counterpart, Gesellschaft fur Weltraumforschung

A Franco-German industrial consortium, Consortium (CIFAS), is the

Industriel Franco-Allerand pour Synphonie prime contractor.

Three German and three French companies The French firms are Societe Nationale (S.A.T.)

make up the consortium.

Aerospatiale, Societe Anonyme de m-Ipcommunications and Thomson-CSF.

Germanv's are AEG-Telefunken, Messerschmitt-

4 BoelkowBlohm (I3BB) and Siemens, A. .

The Goddard Center manages Delta projects and the prime contractor is McDonnell Douglas Astronautics Co., Huntington
Beach, Calif.

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7

-4Delta Project Manager is Robert Baumann, GSFC.

Peter

Eaton, Office of Space Science, NASA Headquarters, is Delta Program Manager.

The Symphonie Project is managed by a Franco-German Executive Committee. The French executive secretary is Bernard

Deloffre and the German executive secretary is Dr. George Moesl. Dr. Buck Pfeiffer is Sytphonie Satellite Group Manager. Madon is CIFAS Project Group Manager. Pierre

The Symphonie launch window extends from 9:38 p.m. to 10:09 p.m. EST.

(END OF GENERAL RELEASE.

BACKGROUND INFORMATION FOLLOWS.)

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DELIT. 2914 LAUNCH VEIIICLI: The spacecraft will be launched by a three-stage Delta launch vehicle, which has an overall length of approximately 35 meters (116 feet), and a maximum body diameter of 2.4 meters (8 feet). The Delta launch vehicle has a success-to-launch ratio of 90 percent for the past 14 years. First Stage The first stage is a McDonnell-Douglas modified Thor booster incorporating nine strap-on Thiokol solid-fuel rocket The booster is powured bi a Rocketdyne engine using motors. liquid oxygen (LOX) aind liquid hydrocarbon propellants. The main engine is gimbal-mounted to provide pitch ai.3 yaw Two liquidcontrol from liftoff to main-engine cutoff (MECO). propellant vernier engines provide roll control throughout first stage operation and pitch and yaw control from MECO to separation of the first and second stages. Second Stage The second stage is powered by a TRWP liquid-fuel pressurefed engine that also is gimbal-mounted to provide pitch and .. nitrogen gas system yaw control through second-stage burn. using eight fixed nozzles provides -oll control during powered and coast flight as well as pitch and yaw control during coast and after second-stage cutoff (Sl:CO).Two fixed nozzles, fed by the propellant-tank helium-pressurization system, provide retro-thrust after third-stage scLaration. Third Stage The third stage is the TE-364-4 spin-stabilized solidThe tniird-stagje motor is secured propellant Thiokol motor. The firing of in a spin table mounted to the second stage. eight solid propellant rockets fixed to the spin table accomplishes spinup of the third ;tage assembly. Injection into Synchronous Orbit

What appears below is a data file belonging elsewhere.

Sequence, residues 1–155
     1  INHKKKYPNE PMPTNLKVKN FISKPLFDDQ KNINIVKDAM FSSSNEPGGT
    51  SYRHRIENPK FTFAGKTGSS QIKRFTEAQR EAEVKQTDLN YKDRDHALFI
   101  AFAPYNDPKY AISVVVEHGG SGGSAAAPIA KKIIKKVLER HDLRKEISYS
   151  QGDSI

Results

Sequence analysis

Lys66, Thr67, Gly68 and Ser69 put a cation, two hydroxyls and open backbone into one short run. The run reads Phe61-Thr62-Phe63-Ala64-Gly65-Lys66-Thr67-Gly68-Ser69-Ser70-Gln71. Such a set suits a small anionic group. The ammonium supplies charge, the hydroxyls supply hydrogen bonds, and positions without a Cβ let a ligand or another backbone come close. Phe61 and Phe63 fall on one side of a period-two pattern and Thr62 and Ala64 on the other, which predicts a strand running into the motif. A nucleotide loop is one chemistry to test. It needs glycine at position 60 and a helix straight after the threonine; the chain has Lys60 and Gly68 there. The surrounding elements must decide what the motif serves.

X

The spacecraft apogee motor will bh fired at the fourth This maneuver will place apogee, about 40 hours after launch. the spacecraft in circular orbit at synchronous altitude above The spacecraft will be moved from the apogee the equator. firing location to its final station of 11.5 degrees west longitude. About a month after launch, following checkout of the onboard communications systems, the spacecraft will become operational.